Basically, agree, but by somewhat different reasons.
Yes, VB.NET is similar in features compared to C# but always goes behind. Microsoft just does not take VB.NET as seriously as the flagship of C#. Other problems are more serious: VB.NET would be a pretty bad investment. First, C# and C++/CLI go through strict standardization under ECMA and then under ISO, but it never happens to VB.NET. I cannot believe it might ever happen in future.
There is one more reason, the social one. The fact is: many developers considering themselves at least "professional" do not take anything named similar to "VB" as "real". The historical reasons just do not matter (VB earned bad reputation with both quality and popularity with poor developers, and whatever else), this is the real attitude of real people. This is not for the flame wars or something like that. I'm trying not to express my own attitude; this is just a "medical fact", fact of nature.
In fact, if you try to find an answer of some technical question in .NET, best answers are usually in C#, and much more finding on most difficult topics will appear in C#. So, a serious VB.NET developer should also understand at least some C#.
By the way C++/CLI is a powerful thing which should be taken into consideration. I can see some drawbacks in it (I used to discuss on CodeProject pages). For example, I saw Microsoft article where they explained that it has its special optimized instead of general-purpose .NET optimizer used with other compilers. Mixed mode and value (stack) semantic for reference type are unique to this language (not counting IL).
I've been doing this for a LONG LONG time. I really don't need the history lesson on why VB has the reputation it does.
Also, Microsoft DOES take VB.NET seriously and it shows as the feature sets between C# and VB.NET have been merging quite a bit and continues to [ut considerable resources into adding features concurrently into both languages. And with .NET 4.5, VB.NET will get a feature you can't have in C# yet. I'll let you squirm on what that is for a while while I go try to remember what it was!
All I was refering to in this thread was that VB.NET doesn't support pointers, which makes image processing quite a bit easier.
May be I'm wrong, but I feel you are overreacting about "history lesson", saying as if it's something bad. What's wrong with lessons? As you probably know this history better then I do (mainly because I never allowed myself to play with the idea of accepting the opportunity to work with VB), you can always tell us something more interesting and useful than I could. And correct me if I'm wrong. I've noticed a long time ago that reading your posts can be really useful; as that can give a chance to learn something, and I'm trying not to miss a lesson, even if I think I know things the best way — but I always can be mistaken, like probably all of us. Perhaps it's good to remember that if I reply to your post, it does not mean that I always address personally to you. Everyone can read our conversation.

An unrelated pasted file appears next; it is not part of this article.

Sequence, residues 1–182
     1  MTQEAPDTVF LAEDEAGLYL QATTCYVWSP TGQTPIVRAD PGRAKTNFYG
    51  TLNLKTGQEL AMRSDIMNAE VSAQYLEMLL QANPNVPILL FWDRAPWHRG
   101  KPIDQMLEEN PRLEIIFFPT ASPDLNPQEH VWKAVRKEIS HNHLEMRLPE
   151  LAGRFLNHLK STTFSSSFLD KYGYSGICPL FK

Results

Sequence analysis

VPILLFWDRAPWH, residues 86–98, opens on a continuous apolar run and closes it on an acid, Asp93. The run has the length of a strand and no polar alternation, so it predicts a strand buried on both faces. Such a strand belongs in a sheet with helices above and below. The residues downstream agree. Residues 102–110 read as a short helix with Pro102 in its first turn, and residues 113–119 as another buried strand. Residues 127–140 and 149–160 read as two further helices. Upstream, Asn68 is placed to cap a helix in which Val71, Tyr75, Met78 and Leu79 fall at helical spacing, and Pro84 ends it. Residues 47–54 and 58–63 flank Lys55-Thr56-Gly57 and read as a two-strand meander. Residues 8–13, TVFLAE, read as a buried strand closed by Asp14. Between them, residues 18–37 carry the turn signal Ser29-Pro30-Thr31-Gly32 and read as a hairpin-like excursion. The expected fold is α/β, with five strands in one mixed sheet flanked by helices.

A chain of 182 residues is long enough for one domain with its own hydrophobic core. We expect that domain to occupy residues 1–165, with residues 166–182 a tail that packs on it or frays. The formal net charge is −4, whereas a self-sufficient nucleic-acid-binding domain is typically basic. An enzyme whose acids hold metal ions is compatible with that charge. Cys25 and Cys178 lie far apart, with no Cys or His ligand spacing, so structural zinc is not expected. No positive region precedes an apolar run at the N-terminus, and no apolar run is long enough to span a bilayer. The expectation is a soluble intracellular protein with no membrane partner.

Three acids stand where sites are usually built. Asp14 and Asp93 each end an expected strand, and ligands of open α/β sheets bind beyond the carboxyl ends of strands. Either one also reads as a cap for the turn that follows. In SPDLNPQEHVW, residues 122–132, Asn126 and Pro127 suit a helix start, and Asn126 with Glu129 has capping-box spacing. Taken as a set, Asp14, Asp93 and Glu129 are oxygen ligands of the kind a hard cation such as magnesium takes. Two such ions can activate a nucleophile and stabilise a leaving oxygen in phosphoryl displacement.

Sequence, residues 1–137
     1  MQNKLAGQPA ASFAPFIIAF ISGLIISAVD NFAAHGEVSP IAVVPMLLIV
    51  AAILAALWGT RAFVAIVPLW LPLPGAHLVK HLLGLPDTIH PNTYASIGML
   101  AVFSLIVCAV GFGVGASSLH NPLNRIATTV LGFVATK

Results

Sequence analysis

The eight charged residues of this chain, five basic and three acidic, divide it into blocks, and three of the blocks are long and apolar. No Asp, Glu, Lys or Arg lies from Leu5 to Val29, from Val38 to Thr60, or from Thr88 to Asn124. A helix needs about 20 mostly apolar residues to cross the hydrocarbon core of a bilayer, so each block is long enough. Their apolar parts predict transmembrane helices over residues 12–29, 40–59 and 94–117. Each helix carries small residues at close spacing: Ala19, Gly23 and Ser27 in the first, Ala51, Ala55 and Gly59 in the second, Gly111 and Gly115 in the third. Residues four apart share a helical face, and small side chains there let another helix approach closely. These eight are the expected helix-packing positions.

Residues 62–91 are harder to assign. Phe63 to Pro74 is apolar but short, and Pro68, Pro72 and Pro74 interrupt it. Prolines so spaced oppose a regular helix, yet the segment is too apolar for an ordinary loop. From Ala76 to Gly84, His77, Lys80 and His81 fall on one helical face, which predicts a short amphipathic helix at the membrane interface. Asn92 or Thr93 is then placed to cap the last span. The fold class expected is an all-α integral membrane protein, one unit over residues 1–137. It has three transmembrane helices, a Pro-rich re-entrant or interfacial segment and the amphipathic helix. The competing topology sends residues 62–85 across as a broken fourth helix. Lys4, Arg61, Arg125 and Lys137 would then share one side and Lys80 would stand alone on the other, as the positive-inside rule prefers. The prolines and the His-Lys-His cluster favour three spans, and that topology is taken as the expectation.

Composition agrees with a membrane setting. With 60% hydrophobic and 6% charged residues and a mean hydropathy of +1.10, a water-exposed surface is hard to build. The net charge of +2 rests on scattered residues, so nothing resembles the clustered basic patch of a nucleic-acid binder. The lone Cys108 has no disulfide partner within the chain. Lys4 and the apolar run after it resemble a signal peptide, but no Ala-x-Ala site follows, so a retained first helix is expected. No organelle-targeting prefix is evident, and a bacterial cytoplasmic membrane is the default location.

Thank you for interesting discussion. Will talk to you later.
I hope we are good. And we are doing basically the same thing on this site for this community. As to the criticism and possible negative estimates or votes, they are normal, absolutely unavoidable in any truly creative environment, as well as our mistakes, and they can be and should be handled in productive and constructive ways.
No, we're good. If I was pissed at you, I'd just ignore you.
As to the criticism and possible negative estimates or votes, they are normal,
absolutely unavoidable in any truly creative environment, as well as our
mistakes, and they can be and should be handled in productive and constructive
Sorry if I'm jumping in here but I thought the conversation was interesting, I have worked with diehards of both language conventions. Both had valid reasons for their preferred environment.
But if I may, as a programmer that started writing software using Clipper (way back when, but late in life mid 40's and now nearing retirement) then progressed to VB4-6 and now VB.Net may I suggest that VB was for me an easier language to learn, and more importantly correct me if I'm wrong. One can create a working application very quickly using Visual Basic.
It's been a long time since I have to anything to do in C mainly because the company I work for uses Visual Basic as it's preferred programming environment.
I fully agree; even if I knew a way to determine something like that, I'd probably go for the functional test anyway. With external dependencies involved, I prefer to eat the pudding, rather than to look for the boxes.
Shouldn't be hard to figure out what to put in the Up/Down Button click handlers. You'll probably also handle the MouseDown/MouseUp events on those if the user wants to change the numbers without clicking for each increment.
Then the UserControl just exposes the time as a property. The gettor just puts a datetime object together based on the values in the textboxes. The settor does the opposite.